Tough 88 year-old war vet who fought off two armed robbers with a single punch has now seen the pair jailed

June 24, 2015 | by | 0 Comments

An 88 year-old war veteran drew on his army training and saw off two armed robbers from his home with a single punch.

Fearless Kenneth Brown heard banging on his window as he watched the cricket on a Sunday afternoon and saw two teenagers.

He opened the door and the pair pushed their way in, demanded money and one pulled up his sleeve to reveal a knife with a six-inch blade.

But Kenneth – who is just 5ft 4″ tall and weighs nine stone – remembered his unarmed combat skills and thumped the armed thug in the chest.

The cowards turned tail and fled his house empty handed and were later arrested.

Kenneth, of Lympne, Kent, told police he could have done the pair “a lot more damage”.

He said: “I didn’t think about the danger.

” I told the police I could have done them a lot more damage, but I didn’t want to get on the wrong side of the law.”

Kenneth Brown, fought off two raiders at his home in Kent (Sam Lennon/

Kenneth Brown, fought off two raiders at his home in Kent (Sam Lennon/

He said: “I heard a banging on the double glazing of my door and there were two youngsters outside.

“They demanded money and one of them pulled back his sleeve and showed that he had a knife.

“I remembered my army training and let him have it.

“I punched him with my right hand on the chest. That pushed him backwards although he didn’t fall over.

“Then they both went off. I had no time to be scared and that’s how they train you in the army.”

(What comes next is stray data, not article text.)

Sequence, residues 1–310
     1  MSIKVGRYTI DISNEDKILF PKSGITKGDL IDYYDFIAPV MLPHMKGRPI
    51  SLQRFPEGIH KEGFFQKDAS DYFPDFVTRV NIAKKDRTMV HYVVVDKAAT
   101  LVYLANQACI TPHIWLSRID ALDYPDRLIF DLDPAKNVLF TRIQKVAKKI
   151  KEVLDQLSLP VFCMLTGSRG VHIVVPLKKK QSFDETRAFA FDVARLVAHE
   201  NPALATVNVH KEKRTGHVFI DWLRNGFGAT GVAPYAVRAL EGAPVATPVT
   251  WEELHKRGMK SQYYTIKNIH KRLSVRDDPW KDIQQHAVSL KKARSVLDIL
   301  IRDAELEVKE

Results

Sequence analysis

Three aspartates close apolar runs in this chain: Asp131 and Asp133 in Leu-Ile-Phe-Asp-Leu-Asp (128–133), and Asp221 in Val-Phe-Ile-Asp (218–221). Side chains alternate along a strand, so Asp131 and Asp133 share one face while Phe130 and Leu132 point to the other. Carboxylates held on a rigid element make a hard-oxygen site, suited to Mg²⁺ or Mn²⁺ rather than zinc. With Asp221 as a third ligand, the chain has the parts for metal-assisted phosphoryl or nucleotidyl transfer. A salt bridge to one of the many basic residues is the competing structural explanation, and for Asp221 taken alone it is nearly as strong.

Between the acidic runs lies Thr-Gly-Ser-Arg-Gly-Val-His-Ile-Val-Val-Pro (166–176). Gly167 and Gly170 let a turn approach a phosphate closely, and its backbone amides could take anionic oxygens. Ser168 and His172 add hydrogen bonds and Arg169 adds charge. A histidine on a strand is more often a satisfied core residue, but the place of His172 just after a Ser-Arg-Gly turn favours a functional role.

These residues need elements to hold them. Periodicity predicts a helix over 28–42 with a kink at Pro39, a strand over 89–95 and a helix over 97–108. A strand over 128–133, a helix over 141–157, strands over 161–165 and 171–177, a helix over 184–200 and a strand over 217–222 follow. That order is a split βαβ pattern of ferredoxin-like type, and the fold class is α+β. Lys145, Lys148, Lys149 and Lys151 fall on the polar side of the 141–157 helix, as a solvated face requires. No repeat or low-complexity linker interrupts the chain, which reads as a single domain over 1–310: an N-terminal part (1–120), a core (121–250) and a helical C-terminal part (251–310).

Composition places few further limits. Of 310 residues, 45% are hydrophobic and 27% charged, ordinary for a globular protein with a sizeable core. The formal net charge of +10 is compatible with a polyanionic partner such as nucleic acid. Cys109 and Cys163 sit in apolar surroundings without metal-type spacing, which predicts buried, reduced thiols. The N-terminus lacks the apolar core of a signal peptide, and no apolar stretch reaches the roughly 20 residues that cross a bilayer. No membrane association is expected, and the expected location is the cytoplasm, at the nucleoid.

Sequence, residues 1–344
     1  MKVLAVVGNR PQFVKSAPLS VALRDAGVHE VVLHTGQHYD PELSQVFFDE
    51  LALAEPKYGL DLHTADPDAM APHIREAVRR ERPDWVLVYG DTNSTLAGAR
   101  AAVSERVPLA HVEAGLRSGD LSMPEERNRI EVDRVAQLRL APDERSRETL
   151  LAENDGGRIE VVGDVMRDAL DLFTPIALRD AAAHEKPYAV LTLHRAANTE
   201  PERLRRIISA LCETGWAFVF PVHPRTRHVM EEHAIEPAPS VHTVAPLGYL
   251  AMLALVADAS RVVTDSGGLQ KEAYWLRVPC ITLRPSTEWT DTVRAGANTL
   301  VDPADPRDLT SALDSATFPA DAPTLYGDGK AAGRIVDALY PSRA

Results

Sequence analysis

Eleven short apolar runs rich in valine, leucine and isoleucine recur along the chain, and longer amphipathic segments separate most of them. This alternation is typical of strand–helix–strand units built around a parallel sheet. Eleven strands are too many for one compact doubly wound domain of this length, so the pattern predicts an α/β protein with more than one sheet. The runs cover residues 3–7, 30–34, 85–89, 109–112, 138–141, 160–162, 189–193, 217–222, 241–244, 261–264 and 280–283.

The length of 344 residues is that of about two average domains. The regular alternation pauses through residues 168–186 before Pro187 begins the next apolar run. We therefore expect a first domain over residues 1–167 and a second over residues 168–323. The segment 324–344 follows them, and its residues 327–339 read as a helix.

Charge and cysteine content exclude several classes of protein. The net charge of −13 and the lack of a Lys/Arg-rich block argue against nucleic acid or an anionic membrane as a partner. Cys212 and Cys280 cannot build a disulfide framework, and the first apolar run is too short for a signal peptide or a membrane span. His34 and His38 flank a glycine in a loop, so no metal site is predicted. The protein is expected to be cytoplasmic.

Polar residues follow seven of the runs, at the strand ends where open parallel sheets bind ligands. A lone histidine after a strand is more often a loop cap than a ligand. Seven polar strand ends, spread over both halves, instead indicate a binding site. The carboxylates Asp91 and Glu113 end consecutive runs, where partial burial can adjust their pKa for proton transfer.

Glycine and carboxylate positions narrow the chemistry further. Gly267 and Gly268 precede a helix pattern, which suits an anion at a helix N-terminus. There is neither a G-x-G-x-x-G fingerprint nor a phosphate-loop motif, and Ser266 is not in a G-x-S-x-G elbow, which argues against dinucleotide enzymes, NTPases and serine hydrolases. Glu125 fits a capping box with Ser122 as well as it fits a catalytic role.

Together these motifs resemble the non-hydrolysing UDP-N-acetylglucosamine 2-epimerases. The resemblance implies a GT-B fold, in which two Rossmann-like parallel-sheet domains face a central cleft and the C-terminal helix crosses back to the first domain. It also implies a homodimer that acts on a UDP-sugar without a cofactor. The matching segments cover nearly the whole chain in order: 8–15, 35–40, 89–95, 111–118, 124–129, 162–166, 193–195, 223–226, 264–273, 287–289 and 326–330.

Single Kenneth served with the Somerset Light Infantry in Asia in the final months of  World War II.

He was conscripted in the spring of 1945, as the war in Europe was ending but the Allies were still fighting the Japanese in the Far East.
Tom Love and Jack Saunders, both 19, were sentenced to 11 and 19 months’ youth custody respectively last Friday.

Mr Brown added: “That may teach them a lesson. Young people like these try it on with old people.”

Sentencing the pair at Canterbury Crown Court, Judge Adele Williams praised Mr Brown.

She said: “Mr Brown behaved in a conspicuously brave and thoughtful way, reacting very quickly when confronted by these two men.”

The court heard Mr Brown had taken off the chain and unlocked his front door to see what the boys wanted.

Prosecutor Sherry Nabijou said: “Saunders initially said ‘I’m here to pick up my football from your front lounge’, but he tried to push his way inside after saying, ‘give me a  money.

“Mr Brown was taken aback by this strange behaviour and saw the youngster had a knife with a five or six inch blade.”

After Mr Brown punched Saunders, who had the knife, they ran into a waiting car but not before neighbours took down their registration number.

Love and a female were stopped in the car the next day and tests on cigarette butts in the car found Saunders’ DNA.

Police also found text messages between the two boys in which they referred to the victim as “the old boy”.

(Sam Lennon/

(Sam Lennon/

Although the incident happened two years ago – on April 14, 2013 – Love, of Sittingbourne, Kent, did not plead guilty to attempted robbery until his trial began.

Traffic management engineer Saunders, of Wormshill, nr Sittingbourne, Kent, pleaded guilty at a earlier hearing.

Stephen Page, mitigating for Saunders, said he felt “the deepest remorse for what was a very harrowing and disturbing incident involving a very vulnerable person”.

Simon Sandford, for Love, handed in a number of character references on behalf of the teenager.

But Judge Williams retorted: “What is particularly troubling is the conduct of this defendant on this occasion belies all the very good character references.

“There seem to be two sides to this young man.”

She criticised the youngster for not pleading guilty until recently, adding: “His failure to acknowledge his responsibility until his first day of the trial has resulted in all this time elapsing.

“One could be forgiven for thinking that he did everything possible to avoid his responsibility.”

Mr Brown is an engineer by trade and was a civilian employee for the Royal Electrical and Mechanical Engineers for nearly 20 years.

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